Phil Jackson's Age: an Asset Or a Liability?

Daniel LockeContributor IMay 2, 2009

CHARLOTTE, NC - MARCH 31:  Head coach Phil Jackson watches on with his player Kobe Bryant #24 of the Los Angeles Lakers during the game against the Charlotte Bobcats at Time Warner Cable Arena on March 31, 2009 in Charlotte, North Carolina.  NOTE TO USER: User expressly acknowledges and agrees that, by downloading and/or using this Photograph, user is consenting to the terms and conditions of the Getty Images License Agreement.  (Photo by Streeter Lecka/Getty Images)

I want to start by saying that Phil Jackson is a great coach with tremendous success.  As a coach, Jackson has nine NBA Championships, 11 NBA Finals appearances, over 1,000 regular season wins and a career regular-season winning percentage higher than .700.  

Those numbers are incredible; to top it off, his current team is the number one seed in the Western Conference.  

But right now, as the playoffs unfold, one has to ask: is he an asset or a liability?

When one thinks of a top-notch coach, a coach who is breaking his back to get his team any edge he can, diagramming plays, watching film until three in the morning.  Does that sound like Phil Jackson?

Phil Jackson is sixty three years old.  He has coached over a thousand games and played for roughly ten seasons (not counting the season he sat out).

He makes $10,000,000 a year.  Let me just repeat that:  he easily makes more money than President Obama and any other NBA coach.  

And my question is: is Phil Jackson going to work as hard as Erik Spoelstra?  

Erik Speolstra is thirty eight years old.  This might be the only chance he gets to be an NBA head coach.  If he either messes up end-of-game situations, manages Dwayne Wade's minutes poorly, or doesn't notice a key matchup, he could get a reputation as a bad coach.

There are a hundred assistants in the league with gleaming records waiting for the next coach to get fired.  Maybe even one on the Heat's bench right now.  

Many coaches come and go quickly in the NBA.  

Avery Johnson won the Coach of the Year in 2006 for the Mavericks and owner Mark Cuban;  he was fired two years later and he is currently an ESPN analysit.  I am sure that Spoelstra knows this.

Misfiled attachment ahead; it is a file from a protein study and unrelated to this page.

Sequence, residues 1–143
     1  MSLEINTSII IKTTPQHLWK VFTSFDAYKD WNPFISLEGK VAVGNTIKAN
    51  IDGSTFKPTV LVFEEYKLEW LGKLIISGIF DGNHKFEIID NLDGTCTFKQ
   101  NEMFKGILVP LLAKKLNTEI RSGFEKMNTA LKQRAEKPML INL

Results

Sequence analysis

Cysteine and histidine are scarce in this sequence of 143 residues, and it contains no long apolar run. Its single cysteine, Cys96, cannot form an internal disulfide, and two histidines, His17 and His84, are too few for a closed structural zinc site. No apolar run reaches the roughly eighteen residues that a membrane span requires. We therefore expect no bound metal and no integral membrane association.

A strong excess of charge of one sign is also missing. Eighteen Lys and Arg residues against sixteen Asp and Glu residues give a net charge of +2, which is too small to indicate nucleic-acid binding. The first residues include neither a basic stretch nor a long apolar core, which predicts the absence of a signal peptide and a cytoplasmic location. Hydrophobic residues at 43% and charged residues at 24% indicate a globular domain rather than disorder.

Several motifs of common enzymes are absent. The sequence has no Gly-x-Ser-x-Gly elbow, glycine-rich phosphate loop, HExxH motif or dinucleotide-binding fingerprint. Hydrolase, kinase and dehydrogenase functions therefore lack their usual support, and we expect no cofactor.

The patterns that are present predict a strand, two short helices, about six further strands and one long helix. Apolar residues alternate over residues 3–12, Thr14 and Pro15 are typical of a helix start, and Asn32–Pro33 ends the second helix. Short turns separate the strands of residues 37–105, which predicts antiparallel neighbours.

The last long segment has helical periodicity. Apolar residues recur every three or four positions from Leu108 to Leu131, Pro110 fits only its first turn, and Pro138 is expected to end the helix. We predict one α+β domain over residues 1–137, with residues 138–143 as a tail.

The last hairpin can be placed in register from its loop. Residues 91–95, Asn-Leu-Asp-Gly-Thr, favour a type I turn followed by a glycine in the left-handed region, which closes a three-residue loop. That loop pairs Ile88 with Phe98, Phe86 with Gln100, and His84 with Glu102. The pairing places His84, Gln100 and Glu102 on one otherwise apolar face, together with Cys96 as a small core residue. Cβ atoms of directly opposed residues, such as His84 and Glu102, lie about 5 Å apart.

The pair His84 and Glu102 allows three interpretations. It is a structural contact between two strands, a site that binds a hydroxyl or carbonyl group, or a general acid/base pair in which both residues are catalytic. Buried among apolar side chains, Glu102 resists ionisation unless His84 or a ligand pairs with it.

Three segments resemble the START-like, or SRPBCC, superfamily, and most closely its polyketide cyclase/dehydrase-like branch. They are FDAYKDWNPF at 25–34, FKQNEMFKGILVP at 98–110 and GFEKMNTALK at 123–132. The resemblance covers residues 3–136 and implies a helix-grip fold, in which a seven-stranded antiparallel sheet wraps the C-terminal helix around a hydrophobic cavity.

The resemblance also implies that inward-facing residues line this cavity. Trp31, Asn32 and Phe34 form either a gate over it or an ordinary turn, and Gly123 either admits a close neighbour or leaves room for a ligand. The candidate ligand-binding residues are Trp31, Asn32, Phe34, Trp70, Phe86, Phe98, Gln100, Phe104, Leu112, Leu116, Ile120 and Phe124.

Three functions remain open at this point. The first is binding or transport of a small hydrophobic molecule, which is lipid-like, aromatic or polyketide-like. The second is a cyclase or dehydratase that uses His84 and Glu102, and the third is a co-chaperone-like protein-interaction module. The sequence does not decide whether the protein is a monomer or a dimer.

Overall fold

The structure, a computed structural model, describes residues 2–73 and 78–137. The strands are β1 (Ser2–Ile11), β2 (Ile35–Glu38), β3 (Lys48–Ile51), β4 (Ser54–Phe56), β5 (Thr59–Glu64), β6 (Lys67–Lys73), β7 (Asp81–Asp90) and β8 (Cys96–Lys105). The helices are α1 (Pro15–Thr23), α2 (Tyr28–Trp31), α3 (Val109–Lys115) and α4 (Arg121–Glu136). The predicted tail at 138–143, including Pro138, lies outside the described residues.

So who is working harder right now?  I mean right this instant as you read this.  Who is more likely to be working right now? 

Is Phil Jackson up at night anxiously watching film and poring over statistical breakdowns, or is Erik Spoelstra, a man whose job security depends on Pat Riley, Micky Arison, and sports journalists, desperately trying to figure out how to win game 7 between Atlanta and Miami?

I'm not saying that Coach Jackson isn't going to give it his all.  I'm saying that 100 percent from a 63-year-old multi-multi-millionaire isn't the same as 100 percent from a desperate 38-year-old coach.  Teams often take on the demeanor of their coaches.

Do the Lakers look like they are playing desperately to you?

There is also the subject of in-game management.  Might Phil Jackson miss a minor detail?  As the hundreds, nay thousands, of games he has coached and played in blend together, could he become simply less alert and tuned in to what is happening?  He does not look as engaged as Stan Van Gundy or Vinny del Negro.  

Consider this: on March 17th, 2009, the Sixers and Lakers played in L.A.  Los Angeles lost in the final seconds as Andre Iguodala hit a three-pointer over Trevor Ariza.  The Lakers had a foul to give and apparently discussed the right strategy at the end of the game.  

Ariza didn't foul and Iguodala made the three-pointer.  After the game coach Jackson said "I don't know if Trevor fully understood when I said we had a foul to use, because he did not use it." 

The last thing I will ask is this:  was it Ariza's fault, or was it Jackson's?  At first read I thought it was Trevor Ariza's, but is that correct?  Think about it. Whose fault was it?


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